We know, it’s more junk food but no boiled sweets, no chocolate bars, no candies, nothing whatsoever that is made out of large amounts of sugar. Your birds will end up as stars of “My 600lb Chicken Life” if you start feeding them sugar, they really don’t need it.

A Bunch Of Bad Herbs

You can find most herbs to your chickens without a second thought but there are a few that they should avoid too:

  • Azalea
  • Black Nightshade
  • Castor Bean
  • Clematis
  • Datura
  • Foxglove
  • Henbane
  • Honeysuckle
  • Irises
  • Lantana
  • Morning Glory
  • Oleander
  • Philodendron
  • Rhododendron
  • St. John’s Wort
  • Sweet Pea
  • Trumpets Vine
  • Vetch

The reason to avoid these herbs? They’re poisonous or they might be if given in big enough quantities. We like to err on the side of caution when it comes to our chickens.


Your chickens are not goats and they do not need you to add salt to their diet. It’s OK for them to get a little bit of salt on say table scraps but you shouldn’t add any salt and any food that is particularly high in salt you should avoid altogether.

Chickens can’t sweat which means they’re not going to lose salt very often and their bodies are very good at self-regulating salt content. So, try to avoid it.

Can You Feed Chickens Only Food Scraps?

No. You can’t if you want your chickens to lead a healthy life then you definitely cannot base their diet solely on food scraps. It’s actually very difficult for somebody who has not been trained in animal nutrition to provide a balanced diet to a chicken.

And if your chickens aren’t eating a balanced diet – they may end up with a bigger problem: chicken obesity.

The Problem Of Chicken Obesity

There is a growing problem with chicken owners over feeding their birds. In fact, pet owners in general seem to be overfeeding their pets. This is not good for your chickens, at all.

Now, if your birds can run around all day and you’re sticking to the basics of a healthy eating plan for your chickens, a few table scraps and treats are not going to hurt. Your chickens will probably be running off much of the excess calories without thinking about it.

However, if you start dumping high sugar or high carbohydrate foods out in the garden to eat – they’re going to start getting fat and this is not going to be good for them at all.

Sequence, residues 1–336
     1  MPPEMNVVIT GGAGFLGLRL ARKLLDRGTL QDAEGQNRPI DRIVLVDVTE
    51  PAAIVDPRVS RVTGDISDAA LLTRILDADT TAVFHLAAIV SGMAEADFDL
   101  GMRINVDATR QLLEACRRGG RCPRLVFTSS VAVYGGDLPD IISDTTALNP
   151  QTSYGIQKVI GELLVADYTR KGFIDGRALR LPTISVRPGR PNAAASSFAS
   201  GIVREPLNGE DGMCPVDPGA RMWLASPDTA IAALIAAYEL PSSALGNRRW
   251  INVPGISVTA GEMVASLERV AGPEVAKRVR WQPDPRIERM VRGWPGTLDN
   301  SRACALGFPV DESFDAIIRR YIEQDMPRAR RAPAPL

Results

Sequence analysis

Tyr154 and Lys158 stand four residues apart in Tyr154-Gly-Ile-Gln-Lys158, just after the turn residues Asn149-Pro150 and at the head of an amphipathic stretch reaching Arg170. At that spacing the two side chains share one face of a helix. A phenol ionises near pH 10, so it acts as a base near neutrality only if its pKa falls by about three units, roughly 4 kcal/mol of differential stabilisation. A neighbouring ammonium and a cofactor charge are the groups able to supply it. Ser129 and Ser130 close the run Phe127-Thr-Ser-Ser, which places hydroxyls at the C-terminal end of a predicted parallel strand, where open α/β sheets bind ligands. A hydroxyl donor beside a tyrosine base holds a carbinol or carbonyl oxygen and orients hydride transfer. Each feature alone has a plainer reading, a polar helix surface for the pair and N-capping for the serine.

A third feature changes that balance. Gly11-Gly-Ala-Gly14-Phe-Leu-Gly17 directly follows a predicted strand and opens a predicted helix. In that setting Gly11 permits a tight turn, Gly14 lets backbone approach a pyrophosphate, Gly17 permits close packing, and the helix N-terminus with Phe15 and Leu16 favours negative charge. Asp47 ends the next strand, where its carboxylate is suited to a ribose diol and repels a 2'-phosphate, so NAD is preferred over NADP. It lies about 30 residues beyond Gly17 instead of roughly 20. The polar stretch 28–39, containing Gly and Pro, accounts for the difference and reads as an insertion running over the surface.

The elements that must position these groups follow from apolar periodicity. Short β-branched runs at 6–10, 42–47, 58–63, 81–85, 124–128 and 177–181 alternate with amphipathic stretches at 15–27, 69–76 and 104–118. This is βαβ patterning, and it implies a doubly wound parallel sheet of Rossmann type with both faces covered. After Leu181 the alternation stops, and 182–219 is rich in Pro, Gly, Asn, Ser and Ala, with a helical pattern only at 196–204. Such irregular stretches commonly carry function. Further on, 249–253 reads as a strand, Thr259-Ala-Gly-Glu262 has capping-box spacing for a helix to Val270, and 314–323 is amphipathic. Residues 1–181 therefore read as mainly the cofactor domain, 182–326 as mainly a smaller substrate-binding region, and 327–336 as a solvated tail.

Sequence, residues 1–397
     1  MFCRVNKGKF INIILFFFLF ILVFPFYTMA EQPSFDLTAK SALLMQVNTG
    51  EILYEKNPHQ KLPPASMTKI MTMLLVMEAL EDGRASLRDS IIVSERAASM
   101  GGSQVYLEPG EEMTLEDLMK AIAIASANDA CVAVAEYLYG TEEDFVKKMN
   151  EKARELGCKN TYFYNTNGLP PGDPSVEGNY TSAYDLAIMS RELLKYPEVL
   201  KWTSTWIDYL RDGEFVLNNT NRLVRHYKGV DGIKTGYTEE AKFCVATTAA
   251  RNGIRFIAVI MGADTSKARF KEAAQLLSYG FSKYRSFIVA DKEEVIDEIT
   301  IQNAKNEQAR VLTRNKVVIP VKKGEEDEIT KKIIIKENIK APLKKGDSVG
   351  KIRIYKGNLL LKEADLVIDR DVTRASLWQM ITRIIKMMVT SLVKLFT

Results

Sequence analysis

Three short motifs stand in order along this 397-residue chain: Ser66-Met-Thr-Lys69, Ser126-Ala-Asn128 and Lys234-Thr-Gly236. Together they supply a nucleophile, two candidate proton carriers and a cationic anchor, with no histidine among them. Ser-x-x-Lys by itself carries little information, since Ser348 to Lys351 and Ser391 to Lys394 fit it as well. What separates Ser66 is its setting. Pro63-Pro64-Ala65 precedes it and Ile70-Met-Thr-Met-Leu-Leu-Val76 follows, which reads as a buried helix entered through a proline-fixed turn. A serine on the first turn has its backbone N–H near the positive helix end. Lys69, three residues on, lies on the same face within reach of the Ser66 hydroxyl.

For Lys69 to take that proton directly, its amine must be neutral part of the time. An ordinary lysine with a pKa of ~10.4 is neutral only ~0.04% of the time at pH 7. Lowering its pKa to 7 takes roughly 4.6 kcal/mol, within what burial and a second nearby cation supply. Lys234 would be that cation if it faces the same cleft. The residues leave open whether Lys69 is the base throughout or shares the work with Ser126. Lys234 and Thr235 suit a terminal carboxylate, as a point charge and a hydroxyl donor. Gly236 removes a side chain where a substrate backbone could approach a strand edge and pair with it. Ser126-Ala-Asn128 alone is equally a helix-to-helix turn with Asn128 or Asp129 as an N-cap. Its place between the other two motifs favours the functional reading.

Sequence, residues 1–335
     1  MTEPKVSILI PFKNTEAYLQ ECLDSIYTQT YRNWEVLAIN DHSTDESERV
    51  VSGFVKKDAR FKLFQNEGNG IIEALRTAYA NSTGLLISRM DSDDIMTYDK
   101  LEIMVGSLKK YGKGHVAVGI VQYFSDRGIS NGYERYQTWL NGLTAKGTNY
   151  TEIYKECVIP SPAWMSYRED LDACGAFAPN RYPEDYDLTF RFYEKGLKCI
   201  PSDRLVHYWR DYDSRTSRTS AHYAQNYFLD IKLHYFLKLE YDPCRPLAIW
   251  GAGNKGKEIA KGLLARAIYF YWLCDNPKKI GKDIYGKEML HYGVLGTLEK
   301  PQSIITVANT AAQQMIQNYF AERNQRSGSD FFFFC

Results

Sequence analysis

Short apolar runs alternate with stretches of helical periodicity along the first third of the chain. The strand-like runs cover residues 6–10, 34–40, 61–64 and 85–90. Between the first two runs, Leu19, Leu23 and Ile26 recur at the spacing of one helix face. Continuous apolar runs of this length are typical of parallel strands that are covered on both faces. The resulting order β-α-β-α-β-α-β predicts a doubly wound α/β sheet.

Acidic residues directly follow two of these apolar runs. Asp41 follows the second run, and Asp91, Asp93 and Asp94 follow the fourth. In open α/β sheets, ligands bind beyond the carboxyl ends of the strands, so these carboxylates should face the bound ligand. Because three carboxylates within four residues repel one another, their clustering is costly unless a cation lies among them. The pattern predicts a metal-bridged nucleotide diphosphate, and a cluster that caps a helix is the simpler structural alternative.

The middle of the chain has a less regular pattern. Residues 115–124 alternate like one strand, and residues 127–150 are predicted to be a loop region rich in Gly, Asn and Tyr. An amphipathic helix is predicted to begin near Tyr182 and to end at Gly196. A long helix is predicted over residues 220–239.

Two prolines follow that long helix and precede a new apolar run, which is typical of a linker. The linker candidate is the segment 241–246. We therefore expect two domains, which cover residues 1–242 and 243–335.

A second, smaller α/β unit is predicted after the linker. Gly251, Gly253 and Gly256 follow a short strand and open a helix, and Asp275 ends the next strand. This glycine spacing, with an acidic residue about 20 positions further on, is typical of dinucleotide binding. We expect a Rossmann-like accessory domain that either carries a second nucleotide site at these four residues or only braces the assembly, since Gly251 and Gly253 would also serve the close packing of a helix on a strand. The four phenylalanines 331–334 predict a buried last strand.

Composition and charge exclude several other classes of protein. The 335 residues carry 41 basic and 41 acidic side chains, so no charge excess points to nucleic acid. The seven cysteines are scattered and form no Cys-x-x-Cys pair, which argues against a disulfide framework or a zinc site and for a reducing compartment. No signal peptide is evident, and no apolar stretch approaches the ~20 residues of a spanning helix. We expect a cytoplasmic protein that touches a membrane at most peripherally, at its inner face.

Chickens And Obesity Can Equal Death

A chicken that is fed too much will end up with a large fatty deposit growing over their liver. This is every bit as unhealthy as it sounds. An ordinary sized chicken should live 8-10 years, an obese one can be dead much, much sooner.

If you keep chickens as pets, it’s probably, in part at least, because you love them and enjoy their company – making them fat will kill them, which will make you sad and leave the chickens permanently beyond a sense of sadness.

The Main Causes Of Death For Chicken Which Are Obese:

  • Fatty Liver Hemorrhagic Syndrome (FLHS). You can actually feel the fat pushing out of the chicken as a pad when this gets bad enough. Unfortunately, once it gets this bad – death is probably imminent. Before then, it may cause multiple-yolked eggs, eggs that are much bigger than normal, egg-binding and may even lead to a prolapse vent. The final end for a bird with FLHS is to bleed to death on the inside.
  • Heat stroke. Carrying extra weight is both exhausting of itself and worse, that weight acts an insulator for the bird. The hotter it gets outside, the harder it is to waddle around and the hotter the bird becomes while doing so. An obese bird can, quite literally, expire of heat exhaustion in a few minutes!

How To Avoid Having Obese Chickens

If you want to make sure your chickens don’t turn into piglet-chickens, then you need to adopt a very simple program to keep them on track. We use a four-step process: monitor their weight, keep a check on their diet, keep a close eye on tasty treats, and make sure they get plenty of exercise.

The Chicken Weigh In

Weighing a chicken is very easy, you don’t need a complex set of scales. We use some simple electronic scales that we bought on Amazon but basically any scale that your bird will fit on that weights in pounds or kilos and will go up to say 10 kilos (which would be a huge chicken) will do.

Your hens should maintain the same weight for most of their lives. A hen that is losing weight might be sick and you should consider talking to a vet if you can’t identify the problem and the same is true if they gain weight. Is it too much food? Or is a tumor or something else unpleasant?

A weigh in every fortnight helps you to head off any problems at the pass and ensure that your chickens don’t veer off track. We’d recommend finding a weight chart for your breed of chicken and making sure that they stay within the “normal tolerances” for their age.

A Balanced Diet